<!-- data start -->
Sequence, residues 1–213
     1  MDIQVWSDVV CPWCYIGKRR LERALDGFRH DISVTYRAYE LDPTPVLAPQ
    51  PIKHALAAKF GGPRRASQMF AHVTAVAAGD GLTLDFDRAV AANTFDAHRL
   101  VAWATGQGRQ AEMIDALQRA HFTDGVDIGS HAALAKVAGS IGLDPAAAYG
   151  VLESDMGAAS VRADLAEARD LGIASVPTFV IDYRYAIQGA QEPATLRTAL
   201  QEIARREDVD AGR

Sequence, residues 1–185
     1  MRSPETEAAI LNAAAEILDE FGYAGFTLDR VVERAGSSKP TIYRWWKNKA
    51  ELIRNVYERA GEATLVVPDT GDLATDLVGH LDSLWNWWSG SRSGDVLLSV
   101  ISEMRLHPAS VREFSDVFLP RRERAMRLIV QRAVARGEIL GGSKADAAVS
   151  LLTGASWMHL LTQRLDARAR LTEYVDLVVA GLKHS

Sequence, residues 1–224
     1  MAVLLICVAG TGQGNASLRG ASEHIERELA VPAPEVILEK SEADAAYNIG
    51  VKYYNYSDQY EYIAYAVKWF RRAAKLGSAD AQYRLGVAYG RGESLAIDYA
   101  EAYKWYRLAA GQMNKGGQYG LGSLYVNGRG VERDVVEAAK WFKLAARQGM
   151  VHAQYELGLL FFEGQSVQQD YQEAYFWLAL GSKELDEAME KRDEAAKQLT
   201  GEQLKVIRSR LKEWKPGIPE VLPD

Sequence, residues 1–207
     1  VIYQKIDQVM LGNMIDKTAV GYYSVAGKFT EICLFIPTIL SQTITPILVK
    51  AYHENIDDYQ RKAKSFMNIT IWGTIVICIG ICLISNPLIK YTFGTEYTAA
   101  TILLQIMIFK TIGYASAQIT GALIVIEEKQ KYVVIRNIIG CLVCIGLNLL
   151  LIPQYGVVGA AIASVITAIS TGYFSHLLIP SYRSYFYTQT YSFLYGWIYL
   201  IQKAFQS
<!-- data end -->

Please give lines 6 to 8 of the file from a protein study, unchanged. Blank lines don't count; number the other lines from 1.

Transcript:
   201  QEIARREDVD AGR

Sequence, residues 1–185
     1  MRSPETEAAI LNAAAEILDE FGYAGFTLDR VVERAGSSKP TIYRWWKNKA